[Sca-cooks] Pennsic camp food

Elaine Koogler kiridono at gmail.com
Wed Jan 20 06:32:12 PST 2010

We're pretty much in the same boat, though we have a different person doing
breakfast and dinners...folks are on their own for lunch though there are
leftovers and other stuff available.  Phillip and I are often the only ones
in camp the first week...maybe another couple, so we either eat out (food
court when it opens) or fix something in camp.  The second week, each person
fixes something that they feel comfortable with.  And it's rareTly period.
For the day when most of our folk arrive, I usually do Brunswick stew (yes,
Master A...I know it's not even close to period, though it does date to
colonial times in Virginia).  I do this for expediency...people arriving at
all kind of different times, the stew can be reheated as necessary.

Now I have done period food in camp.  For several years, in order to raise
money for the American Cancer Society's Relay for Life, we've auctioned off
a period dinner for 4, giving the winner the option of several different
types of feast.  It was very popular, and folks in our camp helped with the
cooking and setup/serving/cleanup.

Typically one person is in charge of organizing this...we (Phillip and I)
used to do this but our group has grown to the point that it's just too much
for us to do in addition to being land agent.  A camp fee is collected that
covers food, water, firewood, propane and other camp expenses.  If there's
any leftover money, it's held over for the next year.

That's about it!


On Wed, Jan 20, 2010 at 8:42 AM, Louise Smithson <helewyse at yahoo.com> wrote:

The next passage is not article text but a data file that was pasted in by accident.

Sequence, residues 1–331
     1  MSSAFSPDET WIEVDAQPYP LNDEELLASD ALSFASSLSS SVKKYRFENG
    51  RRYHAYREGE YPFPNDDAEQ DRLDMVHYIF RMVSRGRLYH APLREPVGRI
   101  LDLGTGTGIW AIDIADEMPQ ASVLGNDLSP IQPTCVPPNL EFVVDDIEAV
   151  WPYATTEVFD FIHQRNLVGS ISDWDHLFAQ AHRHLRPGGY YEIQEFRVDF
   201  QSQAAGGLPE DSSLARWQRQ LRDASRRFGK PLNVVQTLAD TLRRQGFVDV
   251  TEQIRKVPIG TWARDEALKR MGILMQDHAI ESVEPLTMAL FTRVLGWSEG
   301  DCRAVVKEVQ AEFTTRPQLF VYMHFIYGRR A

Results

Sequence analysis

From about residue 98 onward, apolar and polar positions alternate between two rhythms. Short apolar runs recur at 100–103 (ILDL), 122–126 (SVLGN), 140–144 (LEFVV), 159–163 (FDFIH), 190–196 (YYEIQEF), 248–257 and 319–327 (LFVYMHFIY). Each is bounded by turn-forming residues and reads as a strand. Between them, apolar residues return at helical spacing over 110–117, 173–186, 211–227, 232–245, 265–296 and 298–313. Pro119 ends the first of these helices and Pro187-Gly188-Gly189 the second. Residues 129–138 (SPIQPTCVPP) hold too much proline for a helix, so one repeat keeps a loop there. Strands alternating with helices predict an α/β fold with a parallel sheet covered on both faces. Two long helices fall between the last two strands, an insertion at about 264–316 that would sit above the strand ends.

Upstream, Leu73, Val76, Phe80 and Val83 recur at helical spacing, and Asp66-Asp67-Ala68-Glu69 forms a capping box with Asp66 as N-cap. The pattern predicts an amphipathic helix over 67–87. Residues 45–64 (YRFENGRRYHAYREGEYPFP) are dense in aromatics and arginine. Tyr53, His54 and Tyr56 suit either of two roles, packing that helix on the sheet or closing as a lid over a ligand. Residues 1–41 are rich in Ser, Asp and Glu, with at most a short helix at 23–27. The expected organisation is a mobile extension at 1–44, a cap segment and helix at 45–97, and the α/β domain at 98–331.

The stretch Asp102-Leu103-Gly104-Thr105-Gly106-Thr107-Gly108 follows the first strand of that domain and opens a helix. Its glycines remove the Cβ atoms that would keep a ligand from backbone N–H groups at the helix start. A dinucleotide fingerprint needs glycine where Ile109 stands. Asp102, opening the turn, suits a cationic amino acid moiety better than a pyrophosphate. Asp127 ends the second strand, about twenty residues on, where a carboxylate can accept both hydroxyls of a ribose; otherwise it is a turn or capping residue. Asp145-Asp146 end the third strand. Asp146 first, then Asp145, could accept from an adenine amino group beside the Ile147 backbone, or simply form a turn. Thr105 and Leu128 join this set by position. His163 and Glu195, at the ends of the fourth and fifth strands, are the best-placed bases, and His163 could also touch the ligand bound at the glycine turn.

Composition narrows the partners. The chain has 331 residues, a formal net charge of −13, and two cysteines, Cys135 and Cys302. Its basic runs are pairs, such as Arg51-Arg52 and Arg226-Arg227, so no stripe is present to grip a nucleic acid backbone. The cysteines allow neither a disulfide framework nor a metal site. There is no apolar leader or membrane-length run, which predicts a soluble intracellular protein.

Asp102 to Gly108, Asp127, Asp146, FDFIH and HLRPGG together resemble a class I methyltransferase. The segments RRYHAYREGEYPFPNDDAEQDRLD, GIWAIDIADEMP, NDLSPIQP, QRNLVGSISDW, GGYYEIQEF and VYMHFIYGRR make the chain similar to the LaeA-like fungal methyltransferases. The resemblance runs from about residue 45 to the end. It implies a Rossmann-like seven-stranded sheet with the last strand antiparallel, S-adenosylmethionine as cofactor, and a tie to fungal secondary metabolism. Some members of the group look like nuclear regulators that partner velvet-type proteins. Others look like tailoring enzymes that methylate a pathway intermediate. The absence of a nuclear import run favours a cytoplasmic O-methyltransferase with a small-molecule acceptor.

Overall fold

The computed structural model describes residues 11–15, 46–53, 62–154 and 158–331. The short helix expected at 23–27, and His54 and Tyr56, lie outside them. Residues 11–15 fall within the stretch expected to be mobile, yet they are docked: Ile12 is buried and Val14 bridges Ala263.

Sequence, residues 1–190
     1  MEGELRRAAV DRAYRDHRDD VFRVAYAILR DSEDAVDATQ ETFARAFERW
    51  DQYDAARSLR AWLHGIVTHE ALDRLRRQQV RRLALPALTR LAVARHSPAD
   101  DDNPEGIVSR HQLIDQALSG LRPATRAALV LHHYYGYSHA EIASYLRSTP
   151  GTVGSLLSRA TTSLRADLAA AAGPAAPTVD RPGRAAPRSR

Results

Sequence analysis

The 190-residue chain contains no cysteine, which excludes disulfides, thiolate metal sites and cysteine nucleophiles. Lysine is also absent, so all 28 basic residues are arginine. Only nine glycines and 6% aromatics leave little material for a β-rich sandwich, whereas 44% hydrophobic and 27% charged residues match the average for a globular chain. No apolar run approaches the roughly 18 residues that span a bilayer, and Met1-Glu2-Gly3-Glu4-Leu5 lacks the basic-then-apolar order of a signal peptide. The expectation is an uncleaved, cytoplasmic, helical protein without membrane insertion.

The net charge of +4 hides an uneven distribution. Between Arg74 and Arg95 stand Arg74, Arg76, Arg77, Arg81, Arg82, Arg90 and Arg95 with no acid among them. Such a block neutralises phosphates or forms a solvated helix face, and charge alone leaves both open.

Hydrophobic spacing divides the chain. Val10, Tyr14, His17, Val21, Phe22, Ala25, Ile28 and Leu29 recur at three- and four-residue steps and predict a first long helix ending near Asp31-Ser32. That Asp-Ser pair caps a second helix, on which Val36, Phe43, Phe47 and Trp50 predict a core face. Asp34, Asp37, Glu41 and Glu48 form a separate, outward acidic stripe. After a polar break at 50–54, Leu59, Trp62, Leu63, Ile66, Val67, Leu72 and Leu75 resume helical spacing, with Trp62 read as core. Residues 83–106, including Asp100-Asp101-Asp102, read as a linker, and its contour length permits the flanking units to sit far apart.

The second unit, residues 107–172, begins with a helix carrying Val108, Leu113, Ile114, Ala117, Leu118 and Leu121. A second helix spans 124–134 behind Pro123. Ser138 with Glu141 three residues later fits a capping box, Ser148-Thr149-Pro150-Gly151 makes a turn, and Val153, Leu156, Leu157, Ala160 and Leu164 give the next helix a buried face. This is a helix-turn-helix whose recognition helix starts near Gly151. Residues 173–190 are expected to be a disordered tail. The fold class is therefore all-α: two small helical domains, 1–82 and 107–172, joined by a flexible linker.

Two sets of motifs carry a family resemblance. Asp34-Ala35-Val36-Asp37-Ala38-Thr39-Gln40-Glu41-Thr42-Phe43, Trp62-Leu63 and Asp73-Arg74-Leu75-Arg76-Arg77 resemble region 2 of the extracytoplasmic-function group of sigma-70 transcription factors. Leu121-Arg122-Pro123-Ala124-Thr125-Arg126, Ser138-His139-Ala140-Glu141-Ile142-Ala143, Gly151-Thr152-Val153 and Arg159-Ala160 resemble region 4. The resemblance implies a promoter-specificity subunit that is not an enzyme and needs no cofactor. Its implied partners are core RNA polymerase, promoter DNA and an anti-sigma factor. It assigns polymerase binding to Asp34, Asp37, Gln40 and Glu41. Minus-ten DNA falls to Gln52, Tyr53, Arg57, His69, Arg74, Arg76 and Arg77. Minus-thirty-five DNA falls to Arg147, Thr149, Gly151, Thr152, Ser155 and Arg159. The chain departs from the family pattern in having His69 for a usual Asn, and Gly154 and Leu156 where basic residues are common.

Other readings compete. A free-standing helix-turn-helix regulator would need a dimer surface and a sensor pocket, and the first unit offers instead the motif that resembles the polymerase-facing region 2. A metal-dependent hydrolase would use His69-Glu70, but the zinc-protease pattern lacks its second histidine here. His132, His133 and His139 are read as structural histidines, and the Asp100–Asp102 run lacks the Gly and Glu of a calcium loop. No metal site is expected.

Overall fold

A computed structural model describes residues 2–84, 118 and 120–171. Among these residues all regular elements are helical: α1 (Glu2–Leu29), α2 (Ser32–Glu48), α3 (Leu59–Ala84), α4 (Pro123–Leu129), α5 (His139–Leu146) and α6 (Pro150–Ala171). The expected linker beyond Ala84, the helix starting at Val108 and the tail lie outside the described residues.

> Just for fun, what do people eat day to day at War?  I understand that
> there's a
> pretty good food court at the market, with many of the choices available at
> more
> modern malls...
> I must admit that the food I serve at Pennsic differs from week 1 to week
> 2.
> My camp is mostly young and consequently poor people, we have a lot of
> fighters (rapier and heavy).
> The first week we have usually 6-10 people in camp which swells to 30 in
> the second week.  I charge camp members $30 a week for food, covering
> breakfast (meat, pancake, egg), lunch (do it yourself ramen or Kraft mac and
> cheese) and dinner (meat, starch, vegetable), in addition fruit (bananas,
> apples, oranges), sandwich fixings (bread, peanut butter, jam) and drinks
> (filtered water, gatorade, milk) are always available.  And yes I manage to
> do this on a tight budget. The first week I have time to spare, the second
> week, not so much.  These factors determine what gets cooked.
> I frequently play with my food the first week, I've baked bread in the
> fire, made Macrows from scratch, invited friends over for a play date and
> made a whole spread of cool medieval food.  I have made sushi for lunch (all
> cooked fish), and grilled a whole turkey for dinner.
> The second week it is time for fast and easy and acceptable to a large
> number, out comes the cheater cottage pie (meat sauce and mashed spuds), the
> spaghetti, the stews etc.
> I generally keep it under budget by buying in bulk and buying cheaper (less
> than $3 a lb) meats.  I have to go to town once every 3 days to keep up with
> food needs and run three coolers in the kitchen.  The meat cooler, the
> vegetable "safe" cooler (gets cheese and other safe stuff), and a drink
> cooler.
> Yes it's a lot of work, and I don't tend to make period food the second
> week, with that many people it is just easier to get food on the table
> quickly.
> Helewyse
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